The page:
Undercover Cop Witnessed Motorcycle Gang Attack

NEW YORK (AP) -

An undercover police officer was present at the motorcycle gang rampage last Tuesday when an SUV driver was chased and beaten and he didn’t immediately report it, a law enforcement official said Saturday.

The officer came forward several days after the Sept. 29 rally to say he was present, and the detective had been stripped of his gun and badge. An internal affairs investigation is underway if he actually witnessed the assault on the SUV driver, who ran over two members of the gang as he feared for his life and the safety of his wife and toddler.

Undercover officers are required to immediately report being a witness to a crime. Uniformed officers are required to take police action if they see a crime occurring, but the rules are murkier for undercover officers who face blowing their cover, confusing civilians who don’t realize the undercover is really a cop and ruining yearslong investigations.

Last weekend, several bikers stopped the Range Rover SUV on a highway, attacked the vehicle, then chased the driver and pulled him from the car after he plowed over a motorcyclist while trying to escape. Alexian Lien, an internet executive, needed stitches after being attacked by the bikers.

The motorcyclist who was hit by the SUV, Edwin Mieses Jr., of Lawrence, Mass., suffered a broken spine and two broken legs and may never walk again, his family said.

Investigators have been interviewing dozens of bikers and witnesses. On Saturday police said two other motorcyclists were taken into custody and they released a photograph of another man they say they want to question in connection with the attack.

Robert Sims, 35, of Brooklyn, was arraigned Saturday in Manhattan on charges of first-degree gang assault, first-degree assault and third-degree criminal possession of a weapon. Bail was set at $100,000. A criminal complaint notes that a video shows Sims was among five to six motorcyclists who attacked Lien after he was dragged out of the car.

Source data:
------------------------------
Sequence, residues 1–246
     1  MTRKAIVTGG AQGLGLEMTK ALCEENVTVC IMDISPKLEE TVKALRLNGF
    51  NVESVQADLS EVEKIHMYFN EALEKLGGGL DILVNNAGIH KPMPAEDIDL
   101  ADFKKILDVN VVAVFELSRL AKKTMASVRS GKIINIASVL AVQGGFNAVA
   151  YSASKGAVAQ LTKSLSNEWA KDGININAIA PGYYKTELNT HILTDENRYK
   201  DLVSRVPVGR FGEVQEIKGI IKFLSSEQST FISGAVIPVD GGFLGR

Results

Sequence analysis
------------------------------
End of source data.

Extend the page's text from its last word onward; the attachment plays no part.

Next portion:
A fourth man, 37-year-old Reginald Chance of Brooklyn, was arrested by police Saturday and charged with gang assault, assault and criminal mischief. Chance, who sources say has a rap sheet with 21 prior arrests, is allegedly the violent man who used his chrome helmet to smash open Lien’s window.

Mieses’s family held a news conference Friday with their lawyer in which they said that he wasn’t doing anything wrong when he was struck by Lien’s SUV. They acknowledged that Mieses had stopped his bike in front of the family’s vehicle but said he was trying to get the other riders to leave the family alone when he was hit.

Sergio Consuegra, a bystander who intervened in the beating, said Sunday he “felt intense danger” as he protected Lien. He told reporters that he wishes he could have done more.

“I made a simple step that day, a simple gesture. … I must say today, to send a message to all that whenever they see a family in crisis, no matter the circumstances, when they cry for help, be there for them,” he said, at the scene of where the incident took place and accompanied by elected officials.

Consuegra said the riders started hitting the car, and that one of them tried to attack Lien’s wife, who was in the car along with their child.

“I saw a baby inside; she had the baby in her arms, I guess she was protecting the baby from all the glass that was flying inside and outside.”

He said bystanders started screaming for the woman and baby to be left alone and the biker let go.

Lien was on the ground when Consuegra stepped in between him and the bikers.

“There was more coming, and they feel like they wanted to keep hurting the man — and I felt intense danger at that moment, at that time, and I say to myself, ‘Let me not show these people that I’m here to engage in any kind of confrontation but that I’m here to protect the man and the family, so I’m going to keep it cool.’ That’s what I was thinking,” Consuegra said.